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Elected as a Green, but only interested in black policy – should this woman be in parliament?

Greens Senator Lidia Thorpe’s decision to turn her back on the party that put her in Parliament reeks of political expediency and should be disallowed, writes Madonna King

Senator Lidia Thorpe. (AAP Image/Mick Tsikas)

Senator Lidia Thorpe. (AAP Image/Mick Tsikas)

A Parliament House brimming with opinionated one-issue Independents could lead to spectacular policy debate. Or it could be the recipe for political chaos.

But the path to taking up a plush Parliamentary seat as an Independent is not by sneaking through the back door – or on the coat tails of the party who put you there.

That’s exactly what Senator Lidia Thorpe has done – and she should leave Parlaiment.

And we should assist her by ensuring that the Constitution is changed to forbid politicians from being elected on a party platform, and then immediately switching their allegiances.

Voters have provided Lidia Thorpe with a secure job, and a pay packet to match, until 2028. But the issue here is that the job she now covets is not the job to which she was appointed.

Imagine if you won a big job in a private company, and took on all the remuneration and perks on offer – while you squatted in the boardroom and competed with the organisation that recruited you!

This is no different, and differences in the Greens over the Voice are a distraction to the issue of whether an MP should be allowed to breach their employment contract with voters, and defect once elected.

Lidia Thorpe was gifted the number one spot on the Greens’ ticket in Victoria. Voters backed the Greens Party in that race (and that’s particularly the case when it’s a Senate ballot, as opposed to a House of Representatives’ vote).

By virtue of that support, she’s now sitting in Canberra, with a vote on where Australia heads, and what policies might transport us there. But the position she holds belongs to the Party, not her, and her contribution outside the Greens should be muted.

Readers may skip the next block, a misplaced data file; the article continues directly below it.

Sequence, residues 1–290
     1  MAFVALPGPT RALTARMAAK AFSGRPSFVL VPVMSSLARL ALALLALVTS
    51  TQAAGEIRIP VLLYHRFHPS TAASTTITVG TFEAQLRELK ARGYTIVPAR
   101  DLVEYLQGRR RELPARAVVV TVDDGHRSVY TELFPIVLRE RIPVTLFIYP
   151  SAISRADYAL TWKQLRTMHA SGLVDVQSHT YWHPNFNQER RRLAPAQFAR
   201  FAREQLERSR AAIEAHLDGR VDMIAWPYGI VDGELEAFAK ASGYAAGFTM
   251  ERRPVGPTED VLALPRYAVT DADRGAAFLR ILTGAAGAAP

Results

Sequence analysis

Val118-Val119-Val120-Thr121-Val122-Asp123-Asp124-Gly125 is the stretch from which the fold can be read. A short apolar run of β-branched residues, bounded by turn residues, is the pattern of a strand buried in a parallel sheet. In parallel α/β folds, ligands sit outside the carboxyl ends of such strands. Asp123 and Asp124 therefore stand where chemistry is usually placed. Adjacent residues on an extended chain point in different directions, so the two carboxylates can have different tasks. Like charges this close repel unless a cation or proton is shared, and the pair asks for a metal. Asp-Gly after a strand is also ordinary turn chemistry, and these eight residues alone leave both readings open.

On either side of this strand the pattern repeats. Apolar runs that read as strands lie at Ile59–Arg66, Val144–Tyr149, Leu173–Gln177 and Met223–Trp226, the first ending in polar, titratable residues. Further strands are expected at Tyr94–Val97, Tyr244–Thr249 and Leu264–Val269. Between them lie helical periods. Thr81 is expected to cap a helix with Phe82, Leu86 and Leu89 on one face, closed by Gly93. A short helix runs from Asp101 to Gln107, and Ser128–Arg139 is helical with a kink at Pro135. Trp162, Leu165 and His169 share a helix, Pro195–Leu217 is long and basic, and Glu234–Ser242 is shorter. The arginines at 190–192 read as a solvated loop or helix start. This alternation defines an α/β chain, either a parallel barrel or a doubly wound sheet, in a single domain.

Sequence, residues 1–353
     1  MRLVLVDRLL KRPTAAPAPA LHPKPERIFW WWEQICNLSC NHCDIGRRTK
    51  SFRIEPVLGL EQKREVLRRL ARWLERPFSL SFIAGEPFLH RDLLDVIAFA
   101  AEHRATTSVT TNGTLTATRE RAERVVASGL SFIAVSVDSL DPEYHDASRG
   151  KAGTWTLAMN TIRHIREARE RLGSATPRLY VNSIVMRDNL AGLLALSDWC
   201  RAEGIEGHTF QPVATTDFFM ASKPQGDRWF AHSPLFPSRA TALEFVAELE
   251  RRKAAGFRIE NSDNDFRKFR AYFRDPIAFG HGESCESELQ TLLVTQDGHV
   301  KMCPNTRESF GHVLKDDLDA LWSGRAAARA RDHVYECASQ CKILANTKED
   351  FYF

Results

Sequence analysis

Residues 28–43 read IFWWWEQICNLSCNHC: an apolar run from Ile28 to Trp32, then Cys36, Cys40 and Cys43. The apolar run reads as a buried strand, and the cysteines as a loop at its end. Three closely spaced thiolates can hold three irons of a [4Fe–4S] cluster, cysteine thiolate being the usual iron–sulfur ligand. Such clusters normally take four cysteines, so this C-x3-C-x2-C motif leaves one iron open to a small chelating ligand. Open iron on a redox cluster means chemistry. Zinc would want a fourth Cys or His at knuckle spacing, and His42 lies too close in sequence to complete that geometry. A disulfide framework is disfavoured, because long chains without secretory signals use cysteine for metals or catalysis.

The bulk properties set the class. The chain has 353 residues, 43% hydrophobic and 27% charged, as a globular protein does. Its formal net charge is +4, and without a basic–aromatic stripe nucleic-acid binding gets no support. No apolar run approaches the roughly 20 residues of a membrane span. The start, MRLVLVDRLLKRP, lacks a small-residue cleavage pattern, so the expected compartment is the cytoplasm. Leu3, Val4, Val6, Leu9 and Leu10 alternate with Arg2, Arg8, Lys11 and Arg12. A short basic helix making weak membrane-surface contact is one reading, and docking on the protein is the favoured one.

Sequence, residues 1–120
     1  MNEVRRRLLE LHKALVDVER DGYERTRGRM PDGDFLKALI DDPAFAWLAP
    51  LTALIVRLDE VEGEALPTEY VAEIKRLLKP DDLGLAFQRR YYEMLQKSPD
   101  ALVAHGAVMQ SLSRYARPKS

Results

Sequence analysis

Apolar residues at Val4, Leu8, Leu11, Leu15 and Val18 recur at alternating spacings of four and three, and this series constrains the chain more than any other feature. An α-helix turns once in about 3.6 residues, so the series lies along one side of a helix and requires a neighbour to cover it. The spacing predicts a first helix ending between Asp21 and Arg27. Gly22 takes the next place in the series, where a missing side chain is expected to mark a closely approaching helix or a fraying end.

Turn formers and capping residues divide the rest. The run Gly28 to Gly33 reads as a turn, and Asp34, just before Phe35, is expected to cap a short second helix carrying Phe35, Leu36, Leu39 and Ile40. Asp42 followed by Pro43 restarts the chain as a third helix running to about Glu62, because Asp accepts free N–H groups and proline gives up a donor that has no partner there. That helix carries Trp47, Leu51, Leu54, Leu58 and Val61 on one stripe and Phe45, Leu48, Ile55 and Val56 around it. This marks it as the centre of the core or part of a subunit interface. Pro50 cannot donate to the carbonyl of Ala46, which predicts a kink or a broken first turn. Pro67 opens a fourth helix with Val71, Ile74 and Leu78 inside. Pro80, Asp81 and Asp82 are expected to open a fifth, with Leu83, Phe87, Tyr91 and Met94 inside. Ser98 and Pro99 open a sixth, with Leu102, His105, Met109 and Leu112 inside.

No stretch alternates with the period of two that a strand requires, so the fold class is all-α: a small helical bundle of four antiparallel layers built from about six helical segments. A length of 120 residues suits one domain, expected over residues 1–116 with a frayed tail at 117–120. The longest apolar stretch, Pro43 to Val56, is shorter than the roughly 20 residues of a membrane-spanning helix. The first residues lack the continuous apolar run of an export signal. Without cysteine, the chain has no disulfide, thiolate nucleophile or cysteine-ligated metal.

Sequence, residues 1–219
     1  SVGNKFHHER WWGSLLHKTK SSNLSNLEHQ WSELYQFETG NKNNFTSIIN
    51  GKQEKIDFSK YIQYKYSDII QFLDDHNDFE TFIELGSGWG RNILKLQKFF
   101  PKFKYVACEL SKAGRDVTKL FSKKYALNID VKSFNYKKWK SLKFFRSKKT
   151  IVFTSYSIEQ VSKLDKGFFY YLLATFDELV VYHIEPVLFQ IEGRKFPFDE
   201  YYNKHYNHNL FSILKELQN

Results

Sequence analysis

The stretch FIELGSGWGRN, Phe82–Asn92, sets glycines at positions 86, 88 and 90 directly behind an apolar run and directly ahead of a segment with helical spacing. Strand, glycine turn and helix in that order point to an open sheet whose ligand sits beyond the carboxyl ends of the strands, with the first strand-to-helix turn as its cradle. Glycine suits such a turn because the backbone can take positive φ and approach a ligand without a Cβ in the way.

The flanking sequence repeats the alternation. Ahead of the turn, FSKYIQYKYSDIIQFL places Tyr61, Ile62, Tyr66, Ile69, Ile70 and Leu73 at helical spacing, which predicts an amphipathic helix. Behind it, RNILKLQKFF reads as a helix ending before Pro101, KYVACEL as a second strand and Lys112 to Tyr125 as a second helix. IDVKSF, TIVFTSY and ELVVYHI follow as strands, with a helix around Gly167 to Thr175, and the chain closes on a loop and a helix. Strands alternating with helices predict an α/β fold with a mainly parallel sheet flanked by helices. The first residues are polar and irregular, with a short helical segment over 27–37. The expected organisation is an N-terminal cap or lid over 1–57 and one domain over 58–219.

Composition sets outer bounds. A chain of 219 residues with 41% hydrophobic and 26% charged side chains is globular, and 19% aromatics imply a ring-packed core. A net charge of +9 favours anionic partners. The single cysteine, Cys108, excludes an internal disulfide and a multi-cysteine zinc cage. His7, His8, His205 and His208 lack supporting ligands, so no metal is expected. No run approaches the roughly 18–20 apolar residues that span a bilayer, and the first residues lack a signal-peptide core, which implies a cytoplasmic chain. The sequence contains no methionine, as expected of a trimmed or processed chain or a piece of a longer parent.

And that’s what she’s missing. Thorpe claims that she is being demonised, when her aim is to give Indigenous people a say and that she drew her support from a grassroots collective of sovereign black people.

That’s simply not true. Her support comes from grassroots Green voters, and her stance is because she didn’t get what she wanted. It’s a political tantrum, over her party’s stance on the Indigenous Voice to Parliament.

University of Queensland Professor of Politics and Public Policy Professor Katharine Gelber says Thorpe holds a unique position, because the entire ticket she led was Indigenous. But that had to be weighed up against the strong support for the Greens at the last election.

“My view is that if they’re going to leave the party, they should leave Parliament, and that they should be replaced by the next person on their Party’s list.’’

That makes sense – but will not happen under current rules.

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Of course Thorpe isn’t the first to jump ship, when machinations inside a party room are not going a particular MP’s way.

Peter Slipper quit the LNP to become House Speaker. Mal Colston resigned from the Labor Party to sit as an Independent. Cory Bernardi. Craig Kelly. The list goes on.

They should have all left Parliament. Perhaps the exception is Jacqui Lambie, a former Palmer United Party Senator. And that’s because Clive Palmer’s party was new and didn’t have a clue, let alone a political platform.

And she’s remained remarkably true to her promises.

Lidia Thorpe, who was the party’s First Nations spokesperson, is a different story.

She does not speak for all Indigenous people. Her role, as elected, is a single vote within the Greens Party, which has now signalled that it will support the Voice to Parliament.

Thorpe could have stayed inside the Party that employed her, and exercised a conscience vote. She decided not to, and should now not have a say within Parliament at all.

“I will be announcing some plans in the coming weeks to bring more people to the table and allow those sovereign people to have a say,’’ she says.

But on whose authority? Because it’s certainly not the voters who elected her.

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